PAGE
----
As always, if you have any questions, just ask (


You must notify your instructor(s) or the teaching or program department as soon as circumstances arise that can impact your academic performance. It is also your responsibility to try to resolve all course related issues with the instructor as soon as they occur and then, if needed, with the Chair/Director of the teaching department/school. Failure to do so may jeopardize an appeal.

 Steps to take before submitting an appeal:

  1. Informal Resolution
    • During a semester, you may encounter issues that impact your academic performance. Whenever possible and prior to initiating a grade appeal, you should attempt to resolve all grade-related issues informally through communication with your instructor(s). If you are unable to resolve the situation with your instructor(s), or if you are unable to reach them, contact the Chair or Director of the department/school that offers the course (the teaching department/School). 
  2. Grade Reassessment (for issues related to individual assignment grades)
    • You can request to have a graded course component reassessed if you believe that the grade does not reflect the academic merit of your work, or you can request a recalculation if you believe an error or omission has been made in the calculation of grades. Your requests for a grade reassessment must be based on sufficient academic grounds and be supported by evidence and documentation (e.g. from the course outline, course notes, textbooks, assignment grade rubric).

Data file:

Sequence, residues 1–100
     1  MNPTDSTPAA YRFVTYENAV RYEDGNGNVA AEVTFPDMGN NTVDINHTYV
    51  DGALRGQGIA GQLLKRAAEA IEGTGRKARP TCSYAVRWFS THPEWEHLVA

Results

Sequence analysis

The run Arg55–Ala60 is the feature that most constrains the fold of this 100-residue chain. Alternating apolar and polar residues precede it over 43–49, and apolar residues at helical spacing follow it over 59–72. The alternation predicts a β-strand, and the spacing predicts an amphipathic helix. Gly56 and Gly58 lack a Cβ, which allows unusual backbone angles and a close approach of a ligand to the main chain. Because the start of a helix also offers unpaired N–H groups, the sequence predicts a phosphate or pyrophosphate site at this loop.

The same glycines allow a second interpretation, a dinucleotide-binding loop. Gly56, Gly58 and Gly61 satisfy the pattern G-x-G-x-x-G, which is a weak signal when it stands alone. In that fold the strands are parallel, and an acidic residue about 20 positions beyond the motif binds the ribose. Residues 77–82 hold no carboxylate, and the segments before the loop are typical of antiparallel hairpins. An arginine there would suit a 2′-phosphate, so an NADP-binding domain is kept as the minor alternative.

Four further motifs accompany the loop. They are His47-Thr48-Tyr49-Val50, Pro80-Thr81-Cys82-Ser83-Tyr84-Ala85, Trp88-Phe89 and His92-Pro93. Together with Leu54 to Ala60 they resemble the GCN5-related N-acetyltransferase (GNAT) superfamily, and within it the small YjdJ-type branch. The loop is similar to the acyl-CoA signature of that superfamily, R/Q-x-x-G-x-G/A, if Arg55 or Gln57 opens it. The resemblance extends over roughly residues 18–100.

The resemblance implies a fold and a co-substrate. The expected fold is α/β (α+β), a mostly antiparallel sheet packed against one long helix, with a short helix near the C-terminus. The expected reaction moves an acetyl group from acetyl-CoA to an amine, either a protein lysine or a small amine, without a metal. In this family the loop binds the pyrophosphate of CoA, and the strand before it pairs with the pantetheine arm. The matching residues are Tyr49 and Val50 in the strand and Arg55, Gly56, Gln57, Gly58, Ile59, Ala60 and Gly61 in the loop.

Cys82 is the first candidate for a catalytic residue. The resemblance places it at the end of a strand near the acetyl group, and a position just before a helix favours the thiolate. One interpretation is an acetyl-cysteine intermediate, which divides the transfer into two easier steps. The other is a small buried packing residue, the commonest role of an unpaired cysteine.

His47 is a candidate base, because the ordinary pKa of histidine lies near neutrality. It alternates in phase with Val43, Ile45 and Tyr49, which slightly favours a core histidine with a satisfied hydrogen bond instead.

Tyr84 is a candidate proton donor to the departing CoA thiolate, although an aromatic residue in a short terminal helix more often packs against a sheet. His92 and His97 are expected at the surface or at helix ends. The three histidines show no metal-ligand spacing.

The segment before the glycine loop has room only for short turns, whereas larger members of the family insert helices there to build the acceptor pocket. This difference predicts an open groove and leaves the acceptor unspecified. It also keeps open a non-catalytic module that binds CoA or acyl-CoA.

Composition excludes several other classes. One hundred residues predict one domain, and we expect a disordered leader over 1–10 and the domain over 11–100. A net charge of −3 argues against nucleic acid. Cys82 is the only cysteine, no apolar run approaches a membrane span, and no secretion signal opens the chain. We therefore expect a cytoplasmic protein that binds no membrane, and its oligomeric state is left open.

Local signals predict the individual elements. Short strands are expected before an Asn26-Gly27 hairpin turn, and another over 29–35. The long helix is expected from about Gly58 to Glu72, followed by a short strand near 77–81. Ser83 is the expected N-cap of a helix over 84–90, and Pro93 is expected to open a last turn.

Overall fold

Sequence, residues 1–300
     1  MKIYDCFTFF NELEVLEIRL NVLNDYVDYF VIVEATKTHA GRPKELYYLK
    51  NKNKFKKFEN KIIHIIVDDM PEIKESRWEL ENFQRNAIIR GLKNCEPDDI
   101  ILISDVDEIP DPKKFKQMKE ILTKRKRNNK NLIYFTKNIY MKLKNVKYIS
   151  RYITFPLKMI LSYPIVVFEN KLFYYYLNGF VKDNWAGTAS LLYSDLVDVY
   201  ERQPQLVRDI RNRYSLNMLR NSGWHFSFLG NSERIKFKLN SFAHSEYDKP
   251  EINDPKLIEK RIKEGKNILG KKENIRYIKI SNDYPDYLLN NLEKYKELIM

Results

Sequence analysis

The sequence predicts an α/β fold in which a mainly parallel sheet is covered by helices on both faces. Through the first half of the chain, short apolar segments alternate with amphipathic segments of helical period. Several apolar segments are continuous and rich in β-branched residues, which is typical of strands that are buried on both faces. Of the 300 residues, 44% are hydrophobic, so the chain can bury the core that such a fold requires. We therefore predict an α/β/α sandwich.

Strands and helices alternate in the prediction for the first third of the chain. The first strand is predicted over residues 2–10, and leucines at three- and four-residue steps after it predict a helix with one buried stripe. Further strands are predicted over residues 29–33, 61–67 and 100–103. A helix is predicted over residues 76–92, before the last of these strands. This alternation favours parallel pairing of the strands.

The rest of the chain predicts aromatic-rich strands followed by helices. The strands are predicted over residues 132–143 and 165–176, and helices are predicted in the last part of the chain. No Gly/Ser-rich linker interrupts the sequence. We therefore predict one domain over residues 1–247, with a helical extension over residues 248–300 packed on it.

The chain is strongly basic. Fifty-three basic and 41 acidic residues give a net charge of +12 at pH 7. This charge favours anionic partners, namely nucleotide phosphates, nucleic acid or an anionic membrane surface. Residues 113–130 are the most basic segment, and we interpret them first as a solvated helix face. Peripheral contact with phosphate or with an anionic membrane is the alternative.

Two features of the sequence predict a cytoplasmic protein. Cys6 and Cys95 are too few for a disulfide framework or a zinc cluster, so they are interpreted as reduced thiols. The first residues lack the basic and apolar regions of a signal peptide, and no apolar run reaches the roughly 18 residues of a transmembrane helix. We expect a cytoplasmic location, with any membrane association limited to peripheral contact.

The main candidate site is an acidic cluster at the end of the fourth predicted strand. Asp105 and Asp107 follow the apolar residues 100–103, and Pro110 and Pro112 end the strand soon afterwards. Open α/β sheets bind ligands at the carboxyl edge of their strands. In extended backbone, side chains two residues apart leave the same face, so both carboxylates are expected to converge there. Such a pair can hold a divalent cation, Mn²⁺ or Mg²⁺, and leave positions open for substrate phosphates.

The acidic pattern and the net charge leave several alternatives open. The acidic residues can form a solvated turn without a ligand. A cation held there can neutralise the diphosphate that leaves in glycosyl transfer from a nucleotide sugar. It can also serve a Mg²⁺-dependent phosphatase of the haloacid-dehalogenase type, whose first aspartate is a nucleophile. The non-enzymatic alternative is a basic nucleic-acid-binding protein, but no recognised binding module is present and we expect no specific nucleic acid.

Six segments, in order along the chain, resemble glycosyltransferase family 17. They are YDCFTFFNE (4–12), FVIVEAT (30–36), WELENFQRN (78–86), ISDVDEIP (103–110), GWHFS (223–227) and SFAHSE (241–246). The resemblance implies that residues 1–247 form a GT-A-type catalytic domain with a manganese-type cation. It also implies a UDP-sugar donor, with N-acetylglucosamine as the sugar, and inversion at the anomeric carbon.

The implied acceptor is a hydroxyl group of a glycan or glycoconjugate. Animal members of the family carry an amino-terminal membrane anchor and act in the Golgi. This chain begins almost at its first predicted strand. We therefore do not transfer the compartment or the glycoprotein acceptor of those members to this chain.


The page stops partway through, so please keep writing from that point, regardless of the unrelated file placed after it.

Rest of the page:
• To request a grade reassessment, you should contact your instructor within ten (10) business days of the date when the graded work in question is returned to the class, or when the grade on the work is posted. Grades not questioned within this period may not be reassessed.
    • For work graded during the final week of classes, or during the exam period, there might not be an opportunity to review the work with the instructor prior to the assignment of a final grade in the course. In that case, you should contact the instructor about the work as soon as possible, and usually within ten (10) business days from the date that grades and standing are available to students on MyServiceHub.
    • For detailed information on grade reassessment procedures, refer to Policy 162 on Grade Reassessment and Grade Recalculation (opens in new window) .

 There are two types of appeals:

  1. Grade Appeals: must be submitted to the School that offers the course being appealed (the teaching department/school). All grade appeals for Chang School courses must be submitted to The Chang School. 
  2. Academic Standing Appeals: must be submitted to your program/School. 

 Grounds of Appeal:

  • Extenuating Circumstances
  • Prejudice 
  • Procedural Error
  • Course Management (may be considered as grounds for grade appeal but not Academic Standing appeals). 

Refer to Policy 168: Grade and Standing Appeals (opens in new window)  for detailed definitions of these grounds.

 There are three levels of appeals:

  1. Department Level: Students who wish to appeal the decision of the Department/School must do so to the Dean of the Faculty. 
  2. Faculty Level: Students who wish to appeal the decision of the Faculty must do so to the Senate Appeals Committee.
  3. Senate Level: Decisions of the Senate Appeals Committee are final and may not be appealed.

Appeal Resources on Campus

Appeals forms, instructions, Policy, and Code of Conduct are available from the Senate.

It is recommended that you seek assistance and advice when filing an appeal. For advice on your appeal, please contact the following:

For advice concerning an appeal on the grounds of discrimination:

Human Rights Services
(416) 979-5349

Academic Appeals Submission Procedure

Effective the Winter 2020 term, undergraduate students enrolled in an undergraduate program wishing to appeal their standing in their program, and/or to appeal a grade received in courses taught in any Faculty (with the exception of Faculty of Law and Graduate Studies), are to use the online appeals system to submit their request.